South Korea Seeking Balance
The late December reintroduction of the global carry trade, with the Japanese yen assuming the funding currency role, remains one of the strongest tailwinds for the current S&P 500® Index (SPX) appreciation. By selling the yen, speculators are very efficiently raising cheap capital to reinvest in global risk assets. One developed economy stands out as the best opportunity for that capital. Given the overwhelmingly best-in-class economic data being reported in the United States this year, capital is being deployed first and foremost in U.S. equity markets.
Investors should continue to monitor the direction of the yen; further declines preserve the strong tailwind for the SPX.
However, investors should also monitor the recent rhetoric from South Korea whose currency, the won (Figure 1.1), is appreciating rather uncomfortably in 2013 as the counter to yen weakness.
The Korean Stock Exchange (KOSPI) (Figure 1.2) is actually down (-2.4%) year to date as an appreciating won is hindering exports. Korea’s large auto and technology sectors are heavily reliant on strong exports. Overall exports were reported down 8.6% year on year recently. Despite new products, South Korean companies such as Samsung and Hyundai are declining year to date. Capital is flowing out of South Korea, as last week witnessed the largest outflow from South Korean equities since May 2012. No longer can these domestic challenges be ignored by President Park Geun-hye’s administration.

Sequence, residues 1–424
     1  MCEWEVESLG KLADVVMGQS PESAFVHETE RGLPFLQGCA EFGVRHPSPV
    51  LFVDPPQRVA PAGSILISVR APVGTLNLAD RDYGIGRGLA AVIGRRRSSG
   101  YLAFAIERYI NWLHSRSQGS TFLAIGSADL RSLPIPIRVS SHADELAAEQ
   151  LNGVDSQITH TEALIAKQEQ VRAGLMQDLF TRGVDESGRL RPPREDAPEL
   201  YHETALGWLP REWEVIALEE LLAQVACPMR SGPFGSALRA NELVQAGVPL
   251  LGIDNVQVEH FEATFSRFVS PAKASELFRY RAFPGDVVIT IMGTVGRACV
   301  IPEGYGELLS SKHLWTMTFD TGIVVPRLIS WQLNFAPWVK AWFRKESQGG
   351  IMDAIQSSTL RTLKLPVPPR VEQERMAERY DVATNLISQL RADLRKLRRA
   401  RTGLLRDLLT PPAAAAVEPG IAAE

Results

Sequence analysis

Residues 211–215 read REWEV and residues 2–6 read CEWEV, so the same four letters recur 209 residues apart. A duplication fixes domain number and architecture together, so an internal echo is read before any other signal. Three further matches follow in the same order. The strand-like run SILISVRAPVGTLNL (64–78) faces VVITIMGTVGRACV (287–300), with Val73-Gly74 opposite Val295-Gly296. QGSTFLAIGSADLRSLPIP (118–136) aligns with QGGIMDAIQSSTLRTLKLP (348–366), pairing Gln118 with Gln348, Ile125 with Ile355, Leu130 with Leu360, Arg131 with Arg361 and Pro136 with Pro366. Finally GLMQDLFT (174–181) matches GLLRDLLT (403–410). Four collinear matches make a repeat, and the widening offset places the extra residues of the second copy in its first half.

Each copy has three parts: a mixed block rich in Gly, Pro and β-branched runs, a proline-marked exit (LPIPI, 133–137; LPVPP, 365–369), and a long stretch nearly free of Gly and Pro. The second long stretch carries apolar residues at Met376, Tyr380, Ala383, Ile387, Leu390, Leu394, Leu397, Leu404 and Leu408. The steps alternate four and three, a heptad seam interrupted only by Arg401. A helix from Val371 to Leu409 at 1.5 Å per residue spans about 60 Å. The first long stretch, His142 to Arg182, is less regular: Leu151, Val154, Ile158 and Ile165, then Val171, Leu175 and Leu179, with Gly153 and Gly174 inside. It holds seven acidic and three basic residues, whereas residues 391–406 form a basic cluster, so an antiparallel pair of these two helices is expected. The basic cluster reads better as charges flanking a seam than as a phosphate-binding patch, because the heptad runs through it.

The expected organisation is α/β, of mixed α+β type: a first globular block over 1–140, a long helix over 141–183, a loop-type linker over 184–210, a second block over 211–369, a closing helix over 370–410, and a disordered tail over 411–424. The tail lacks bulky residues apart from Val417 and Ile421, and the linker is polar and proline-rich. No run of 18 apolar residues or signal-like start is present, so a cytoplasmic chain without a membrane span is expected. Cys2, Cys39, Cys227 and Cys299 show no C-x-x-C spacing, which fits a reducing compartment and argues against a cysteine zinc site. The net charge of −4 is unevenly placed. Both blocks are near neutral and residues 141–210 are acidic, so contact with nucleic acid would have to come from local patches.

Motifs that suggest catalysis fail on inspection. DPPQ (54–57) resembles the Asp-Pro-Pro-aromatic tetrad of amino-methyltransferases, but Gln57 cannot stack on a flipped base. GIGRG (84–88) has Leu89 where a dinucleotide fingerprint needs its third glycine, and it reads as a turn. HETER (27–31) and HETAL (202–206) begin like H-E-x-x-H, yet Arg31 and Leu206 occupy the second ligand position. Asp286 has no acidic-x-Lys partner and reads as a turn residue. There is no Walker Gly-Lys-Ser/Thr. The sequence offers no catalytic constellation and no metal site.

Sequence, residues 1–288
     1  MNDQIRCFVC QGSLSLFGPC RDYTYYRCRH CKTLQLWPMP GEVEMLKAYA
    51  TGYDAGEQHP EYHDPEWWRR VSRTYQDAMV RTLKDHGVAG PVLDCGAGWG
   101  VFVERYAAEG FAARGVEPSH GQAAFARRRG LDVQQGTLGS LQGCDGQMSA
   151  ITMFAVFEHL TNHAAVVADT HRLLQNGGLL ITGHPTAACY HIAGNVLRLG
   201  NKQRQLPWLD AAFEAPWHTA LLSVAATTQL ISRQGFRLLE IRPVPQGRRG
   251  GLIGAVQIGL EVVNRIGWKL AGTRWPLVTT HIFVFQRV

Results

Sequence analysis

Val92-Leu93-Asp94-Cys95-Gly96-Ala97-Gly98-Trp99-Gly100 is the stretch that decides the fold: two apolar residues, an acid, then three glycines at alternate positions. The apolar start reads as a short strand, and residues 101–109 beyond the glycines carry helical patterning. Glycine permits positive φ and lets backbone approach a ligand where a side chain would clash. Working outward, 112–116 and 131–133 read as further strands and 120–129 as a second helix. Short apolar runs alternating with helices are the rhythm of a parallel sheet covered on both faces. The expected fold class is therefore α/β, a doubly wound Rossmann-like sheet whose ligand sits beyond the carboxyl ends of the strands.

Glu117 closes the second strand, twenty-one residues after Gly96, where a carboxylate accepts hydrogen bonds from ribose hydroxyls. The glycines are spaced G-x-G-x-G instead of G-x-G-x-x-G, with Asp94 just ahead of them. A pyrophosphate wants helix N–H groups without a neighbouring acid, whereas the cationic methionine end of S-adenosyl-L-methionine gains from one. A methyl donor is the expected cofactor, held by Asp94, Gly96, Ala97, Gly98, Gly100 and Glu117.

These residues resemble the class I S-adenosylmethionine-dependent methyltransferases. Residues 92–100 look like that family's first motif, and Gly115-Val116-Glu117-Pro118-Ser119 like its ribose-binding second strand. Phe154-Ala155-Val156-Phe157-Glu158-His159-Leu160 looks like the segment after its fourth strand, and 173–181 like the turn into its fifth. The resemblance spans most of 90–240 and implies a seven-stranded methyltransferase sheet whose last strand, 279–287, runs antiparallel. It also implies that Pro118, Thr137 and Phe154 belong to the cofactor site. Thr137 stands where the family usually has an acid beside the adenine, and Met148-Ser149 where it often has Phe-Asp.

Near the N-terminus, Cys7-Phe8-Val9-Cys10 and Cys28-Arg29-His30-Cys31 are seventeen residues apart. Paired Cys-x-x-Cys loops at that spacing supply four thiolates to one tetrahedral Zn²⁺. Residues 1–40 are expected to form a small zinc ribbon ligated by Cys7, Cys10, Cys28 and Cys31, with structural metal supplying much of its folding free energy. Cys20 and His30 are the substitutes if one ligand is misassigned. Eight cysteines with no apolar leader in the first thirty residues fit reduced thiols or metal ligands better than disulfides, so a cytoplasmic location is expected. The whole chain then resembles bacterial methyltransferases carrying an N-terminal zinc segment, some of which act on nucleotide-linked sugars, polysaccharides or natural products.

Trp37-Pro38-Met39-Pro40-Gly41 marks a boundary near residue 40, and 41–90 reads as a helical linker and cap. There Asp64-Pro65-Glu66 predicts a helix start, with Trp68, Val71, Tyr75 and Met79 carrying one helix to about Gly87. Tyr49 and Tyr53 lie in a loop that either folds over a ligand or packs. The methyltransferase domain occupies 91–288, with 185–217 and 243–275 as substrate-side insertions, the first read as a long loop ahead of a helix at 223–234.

Over the weekend South Korea’s new finance minister, Hyun Oh Seok, issued strong communications that the yen’s weakness need be immediately addressed by the international community and the G-20 directly. I take the new administration’s intent rather seriously. Fiscal and monetary policy, in some regard, is too tight in South Korea. Should the complaints of South Korea officials to the international community remain unaddressed, investors should be prepared that South Korea’s own fiscal and monetary stimulus plan could diminish the declining yen tailwind.
Investors seeking investments in South Korea on expected stimulus should focus solely on the debt market, not the domestic equity market. Government debt runs relatively low at 39% of 2012 GDP. Its sovereign debt credit rating is Aa3 for Moody’s, AA- for Fitch, and A+ for S&P. Inflation is running slightly below 2%.
I expect multiple investment banks to begin commentary regarding the South Korean won versus the Japanese yen currency challenges. Investors should not take portfolio action yet, but don’t ignore the dialogue over the coming months either. Listen closely, and be prepared to potentially seek opportunity from any shifting monetary or currency policies.
Figure 1.1 South Korean Won, Prior 365 Days
Figure 1.2 South Koran KOSPI, October 2012 to Present